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Pieter Kers

Framed panorama: Villa K by Paul de Ruiter

Light and heavy, open and closed, glass and concrete: here we have the interplay that Paul de Ruiter uses to advantage again and again. According to each space’s use and need for light, secondary spaces are accommodated under the slope. However, the living areas have the desired transparency and view.

Visitors enter the house on the north-facing, slope side. This is where utility rooms such as the pantry, storage area, technical and laundry room and an imposing six-car garage are located. The living room and bedrooms face south and are framed by a U-shaped terrace. Limited to the materials glass, steel and concrete, the building presents a deliberate contrast to its surroundings, yet thanks to its modest height and predominant transparency does not dominate the slope. The ceiling-high glazing on the façade and large-scale, uninterrupted windows open onto a panoramic view.

The pool intersects the terrace and house between the living and bedroom areas. In fact, it seems to flow through the house into the slope. One of the concrete elements that form the terrace floor can be opened hydraulically, making the pool accessible. When no one feels like a swim, the closed terrace forms a consistent unit.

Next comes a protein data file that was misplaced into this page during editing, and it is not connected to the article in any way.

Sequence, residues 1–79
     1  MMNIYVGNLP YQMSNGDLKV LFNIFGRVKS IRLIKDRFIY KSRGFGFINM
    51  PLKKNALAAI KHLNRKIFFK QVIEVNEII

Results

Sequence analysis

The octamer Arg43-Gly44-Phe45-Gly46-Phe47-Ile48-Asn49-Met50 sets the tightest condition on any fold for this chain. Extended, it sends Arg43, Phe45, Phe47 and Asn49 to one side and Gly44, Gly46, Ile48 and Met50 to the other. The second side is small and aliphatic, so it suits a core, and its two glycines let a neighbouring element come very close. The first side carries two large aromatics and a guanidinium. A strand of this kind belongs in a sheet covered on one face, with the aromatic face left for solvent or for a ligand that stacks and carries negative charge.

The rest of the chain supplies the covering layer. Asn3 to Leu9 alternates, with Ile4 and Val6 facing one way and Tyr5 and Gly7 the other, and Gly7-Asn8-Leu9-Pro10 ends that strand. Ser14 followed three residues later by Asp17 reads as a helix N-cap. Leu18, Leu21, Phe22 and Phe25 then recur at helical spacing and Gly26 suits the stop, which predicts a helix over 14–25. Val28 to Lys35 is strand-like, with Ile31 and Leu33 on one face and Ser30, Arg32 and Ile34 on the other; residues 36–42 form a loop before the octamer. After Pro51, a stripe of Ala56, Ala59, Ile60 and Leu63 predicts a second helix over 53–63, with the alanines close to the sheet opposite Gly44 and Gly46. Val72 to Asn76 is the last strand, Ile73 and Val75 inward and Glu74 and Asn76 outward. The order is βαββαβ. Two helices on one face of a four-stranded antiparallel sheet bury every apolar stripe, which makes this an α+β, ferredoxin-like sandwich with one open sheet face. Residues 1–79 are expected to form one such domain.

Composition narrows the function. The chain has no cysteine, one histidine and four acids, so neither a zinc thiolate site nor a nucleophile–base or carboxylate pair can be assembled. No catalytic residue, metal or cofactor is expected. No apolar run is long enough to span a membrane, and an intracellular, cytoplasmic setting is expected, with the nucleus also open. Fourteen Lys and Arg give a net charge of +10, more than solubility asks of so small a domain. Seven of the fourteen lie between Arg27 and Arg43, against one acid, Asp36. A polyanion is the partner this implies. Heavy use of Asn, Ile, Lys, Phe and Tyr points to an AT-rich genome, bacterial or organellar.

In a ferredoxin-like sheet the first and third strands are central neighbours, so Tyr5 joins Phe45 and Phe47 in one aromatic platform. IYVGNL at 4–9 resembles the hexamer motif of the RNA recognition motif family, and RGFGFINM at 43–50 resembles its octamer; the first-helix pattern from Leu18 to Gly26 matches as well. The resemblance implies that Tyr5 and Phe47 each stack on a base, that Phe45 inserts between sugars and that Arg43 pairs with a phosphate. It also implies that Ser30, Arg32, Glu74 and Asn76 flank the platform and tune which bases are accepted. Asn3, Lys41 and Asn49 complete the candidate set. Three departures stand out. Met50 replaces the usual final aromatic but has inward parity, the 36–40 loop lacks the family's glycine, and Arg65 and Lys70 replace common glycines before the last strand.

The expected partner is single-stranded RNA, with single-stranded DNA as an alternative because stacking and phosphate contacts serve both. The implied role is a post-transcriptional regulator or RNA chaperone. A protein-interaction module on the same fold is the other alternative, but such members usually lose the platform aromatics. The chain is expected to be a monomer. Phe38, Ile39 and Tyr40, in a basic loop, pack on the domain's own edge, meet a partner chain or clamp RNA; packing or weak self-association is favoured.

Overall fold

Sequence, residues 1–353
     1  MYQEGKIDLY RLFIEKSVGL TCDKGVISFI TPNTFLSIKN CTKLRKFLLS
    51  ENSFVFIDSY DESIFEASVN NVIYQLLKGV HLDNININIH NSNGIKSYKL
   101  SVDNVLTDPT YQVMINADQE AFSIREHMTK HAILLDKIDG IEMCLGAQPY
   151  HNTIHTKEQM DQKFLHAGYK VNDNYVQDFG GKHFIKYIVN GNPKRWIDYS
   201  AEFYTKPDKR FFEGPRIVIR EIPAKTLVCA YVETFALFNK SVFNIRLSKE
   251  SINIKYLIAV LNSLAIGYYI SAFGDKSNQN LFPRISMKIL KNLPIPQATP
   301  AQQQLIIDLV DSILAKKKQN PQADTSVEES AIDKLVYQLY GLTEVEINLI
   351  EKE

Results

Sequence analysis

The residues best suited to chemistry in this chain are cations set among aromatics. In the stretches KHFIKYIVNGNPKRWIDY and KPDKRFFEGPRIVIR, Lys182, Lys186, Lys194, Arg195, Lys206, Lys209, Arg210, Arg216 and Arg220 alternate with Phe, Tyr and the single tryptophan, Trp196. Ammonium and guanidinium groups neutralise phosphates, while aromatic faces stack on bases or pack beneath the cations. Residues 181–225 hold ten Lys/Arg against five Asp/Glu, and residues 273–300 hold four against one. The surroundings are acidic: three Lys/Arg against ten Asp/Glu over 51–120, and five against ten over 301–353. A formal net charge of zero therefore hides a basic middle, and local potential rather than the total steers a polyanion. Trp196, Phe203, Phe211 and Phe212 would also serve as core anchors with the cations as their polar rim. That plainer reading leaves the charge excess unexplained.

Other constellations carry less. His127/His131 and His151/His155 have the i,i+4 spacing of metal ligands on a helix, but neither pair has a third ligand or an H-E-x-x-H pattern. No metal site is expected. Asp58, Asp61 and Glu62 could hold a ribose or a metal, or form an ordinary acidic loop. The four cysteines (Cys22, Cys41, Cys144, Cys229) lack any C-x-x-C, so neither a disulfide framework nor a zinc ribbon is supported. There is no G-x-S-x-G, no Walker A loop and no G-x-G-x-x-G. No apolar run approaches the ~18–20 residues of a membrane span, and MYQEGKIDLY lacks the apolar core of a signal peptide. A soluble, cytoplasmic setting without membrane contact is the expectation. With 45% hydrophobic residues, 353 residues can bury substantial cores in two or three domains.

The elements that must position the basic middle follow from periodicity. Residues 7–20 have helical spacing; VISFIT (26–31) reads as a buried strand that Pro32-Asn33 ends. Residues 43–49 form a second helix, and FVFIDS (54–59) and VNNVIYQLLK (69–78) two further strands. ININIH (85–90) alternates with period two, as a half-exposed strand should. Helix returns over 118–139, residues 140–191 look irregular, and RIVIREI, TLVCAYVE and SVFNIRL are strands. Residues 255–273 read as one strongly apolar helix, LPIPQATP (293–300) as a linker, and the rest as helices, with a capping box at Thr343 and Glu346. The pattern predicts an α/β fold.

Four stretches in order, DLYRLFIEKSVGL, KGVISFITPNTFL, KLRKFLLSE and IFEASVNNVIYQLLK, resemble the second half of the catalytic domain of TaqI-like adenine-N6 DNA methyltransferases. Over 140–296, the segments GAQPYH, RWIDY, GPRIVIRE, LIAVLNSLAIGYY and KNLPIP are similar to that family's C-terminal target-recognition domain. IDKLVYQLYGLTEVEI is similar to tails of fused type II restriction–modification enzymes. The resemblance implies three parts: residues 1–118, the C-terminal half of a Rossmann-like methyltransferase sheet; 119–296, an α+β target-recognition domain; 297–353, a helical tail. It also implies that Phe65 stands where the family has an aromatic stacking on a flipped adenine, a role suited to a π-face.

Photovoltaic cells provide the house with electricity; the arrangement of space also makes good energy sense. While the south side of the house is warmed by the sun, cold air accumulates in the cool basement. A heat exchanger collects the cold air and transports it to a heating pump, which stores cold air in order to cool the house in summer and heat it in the wintertime.

By surrounding the house with fruit trees and planting greenery on the roof, de Ruiter has created an interplay of interior and exterior spaces. Despite the cool look of the concrete, the house’s proportions, location and extensive glazing work together to produce a harmonious whole that blends into the landscape. The breathtaking view and comfortable temperatures make it possible to live in a natural environment without sacrificing state-of-the-art technology. The advantages of the slope have been exploited in that they have been integrated into the spatial concept, giving the heart of the home the desired freedom and views without interruption from pesky auxiliary spaces.

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